150 years of Saratoga Race Course – they open July 19

Saratoga Springs was the site of standardbred racing as early as 1847. The first thoroughbred races at Saratoga Springs took place on August 3, 1863 on the track previously used for harness racing (and now the location of the Oklahoma Training Track). The current course was opened across the street from the old standardbred track the following year. Among those instrumental to the creation of the Saratoga Race Course were John Hunter (later the first chairman of The Jockey Club), William R. Travers, former boxer and future Congressman John Morrissey, and Cornelius Vanderbilt.

The Saratoga meet originally lasted only four days. The meet has been lengthened gradually since that time; for many decades, the meet lasted four weeks and began in late July or early August. The meet today lasts a total of 40 racing days, with races held six days per week, and traditionally ends on Labor Day.

Saratoga Race Course has been in use almost every year since 1864, with only a handful of exceptions. The course was closed in 1896 due to increasing competition among thoroughbred tracks making the meet at Saratoga not viable that season. Anti-gambling legislation passed in New York resulted in a cessation in all thoroughbred racing in that state during 1911 and 1912. The track’s first parimutuel betting machines were installed in 1940. From 1943 to 1945, racing was curtailed at Saratoga due to travel restrictions during World War II. During those years, the stakes races usually held at Saratoga Race Course were instead contested at Belmont Park.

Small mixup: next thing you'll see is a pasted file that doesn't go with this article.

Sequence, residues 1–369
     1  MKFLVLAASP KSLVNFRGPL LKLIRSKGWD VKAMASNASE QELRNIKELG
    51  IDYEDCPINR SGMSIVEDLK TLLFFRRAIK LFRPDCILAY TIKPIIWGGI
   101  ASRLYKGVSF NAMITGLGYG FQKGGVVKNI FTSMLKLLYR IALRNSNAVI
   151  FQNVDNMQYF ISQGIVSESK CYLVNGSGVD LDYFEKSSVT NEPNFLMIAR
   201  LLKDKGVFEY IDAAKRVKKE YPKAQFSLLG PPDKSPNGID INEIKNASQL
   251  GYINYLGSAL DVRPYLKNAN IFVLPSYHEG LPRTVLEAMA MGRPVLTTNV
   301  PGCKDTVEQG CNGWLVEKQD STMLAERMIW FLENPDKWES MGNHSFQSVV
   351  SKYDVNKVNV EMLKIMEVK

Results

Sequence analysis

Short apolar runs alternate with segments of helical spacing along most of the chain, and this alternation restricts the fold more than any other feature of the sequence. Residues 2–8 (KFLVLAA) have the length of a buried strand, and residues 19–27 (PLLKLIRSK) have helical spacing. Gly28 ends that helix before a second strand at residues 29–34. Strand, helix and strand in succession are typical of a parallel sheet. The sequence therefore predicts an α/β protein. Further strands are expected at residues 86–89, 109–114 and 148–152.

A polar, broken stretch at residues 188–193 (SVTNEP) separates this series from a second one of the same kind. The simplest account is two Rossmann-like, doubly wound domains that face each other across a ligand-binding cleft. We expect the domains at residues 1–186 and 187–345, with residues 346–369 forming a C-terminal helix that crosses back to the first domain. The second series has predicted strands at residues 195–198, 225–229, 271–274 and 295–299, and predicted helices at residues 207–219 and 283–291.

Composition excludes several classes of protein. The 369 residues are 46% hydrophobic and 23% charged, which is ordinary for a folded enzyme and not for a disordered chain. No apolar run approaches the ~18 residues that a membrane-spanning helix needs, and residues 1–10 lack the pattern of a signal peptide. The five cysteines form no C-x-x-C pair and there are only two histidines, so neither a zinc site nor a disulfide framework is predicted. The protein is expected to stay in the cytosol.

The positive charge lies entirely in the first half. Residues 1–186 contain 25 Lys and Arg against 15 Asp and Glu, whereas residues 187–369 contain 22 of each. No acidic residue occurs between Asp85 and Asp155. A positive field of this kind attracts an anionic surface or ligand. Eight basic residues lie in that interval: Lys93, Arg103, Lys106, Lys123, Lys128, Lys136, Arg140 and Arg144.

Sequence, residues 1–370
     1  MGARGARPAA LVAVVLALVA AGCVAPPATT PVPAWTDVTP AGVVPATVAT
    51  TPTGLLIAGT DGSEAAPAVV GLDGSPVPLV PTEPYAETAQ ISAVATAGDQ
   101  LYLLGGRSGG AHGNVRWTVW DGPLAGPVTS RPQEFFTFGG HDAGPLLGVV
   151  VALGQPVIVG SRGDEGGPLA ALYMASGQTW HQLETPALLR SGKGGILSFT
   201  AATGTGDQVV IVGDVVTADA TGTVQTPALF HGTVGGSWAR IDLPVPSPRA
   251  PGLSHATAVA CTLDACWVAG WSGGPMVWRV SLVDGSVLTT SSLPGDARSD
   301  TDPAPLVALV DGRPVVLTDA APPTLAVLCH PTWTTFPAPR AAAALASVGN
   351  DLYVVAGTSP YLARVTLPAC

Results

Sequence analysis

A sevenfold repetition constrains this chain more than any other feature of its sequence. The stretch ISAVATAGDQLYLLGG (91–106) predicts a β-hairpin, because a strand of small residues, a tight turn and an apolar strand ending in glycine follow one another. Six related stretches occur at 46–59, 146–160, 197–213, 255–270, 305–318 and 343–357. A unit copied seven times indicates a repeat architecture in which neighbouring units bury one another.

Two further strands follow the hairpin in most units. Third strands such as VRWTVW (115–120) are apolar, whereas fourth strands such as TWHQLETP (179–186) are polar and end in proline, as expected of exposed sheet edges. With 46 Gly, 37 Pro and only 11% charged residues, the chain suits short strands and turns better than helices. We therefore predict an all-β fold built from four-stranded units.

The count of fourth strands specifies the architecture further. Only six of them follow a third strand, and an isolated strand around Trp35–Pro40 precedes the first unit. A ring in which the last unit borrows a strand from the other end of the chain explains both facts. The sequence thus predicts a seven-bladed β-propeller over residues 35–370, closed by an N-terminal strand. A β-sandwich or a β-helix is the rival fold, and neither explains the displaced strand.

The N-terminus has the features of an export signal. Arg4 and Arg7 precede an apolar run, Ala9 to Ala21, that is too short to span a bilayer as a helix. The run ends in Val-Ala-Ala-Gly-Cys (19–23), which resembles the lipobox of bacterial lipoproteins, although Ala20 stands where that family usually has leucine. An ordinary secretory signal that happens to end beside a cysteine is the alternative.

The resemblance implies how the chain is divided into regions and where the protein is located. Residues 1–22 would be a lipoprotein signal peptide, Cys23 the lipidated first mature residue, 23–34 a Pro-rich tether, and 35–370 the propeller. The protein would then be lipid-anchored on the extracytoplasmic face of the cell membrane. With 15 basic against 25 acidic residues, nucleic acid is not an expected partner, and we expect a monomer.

In the 1960s, the grandstand was extended, doubling the track’s seating capacity.

In 1999, Saratoga Race Course was rated as Sports Illustrated’s #10 sports venue of the 20th Century.

Saratoga Race Course has several nicknames: The Spa (for the nearby mineral springs), the House of Upsets, and the Graveyard of Champions. Man o’ War suffered his only defeat in twenty one starts while racing at Saratoga Race Course; Secretariat was defeated at Saratoga Race Course by Onion after winning the Triple Crown; and Gallant Fox was beaten by 100-1 longshot Jim Dandy in the 1930 Travers Stakes.

Saratoga Race Course is home to several of the most important races in North America. Since 1864, the track has been the site of the Travers Stakes, the oldest major thoroughbred horse race in the United States. Like the Kentucky Derby, the Travers Stakes is contested on dirt and is open only to three year olds. A lake in the middle of the track contains a canoe that is painted annually in the colors of the winning stable for that year’s Travers Stakes winner. Several other major stakes races are held at Saratoga each year as well, including the Alabama Stakes (for three-year-old fillies), the Hopeful Stakes for two year olds, and the Whitney Handicap for open competition.

A new addition in recent years has been “twilight racing”, where the first race post time is at 2:45 PM. After its introduction in 2006, it was expanded to the first and last Friday of the meet.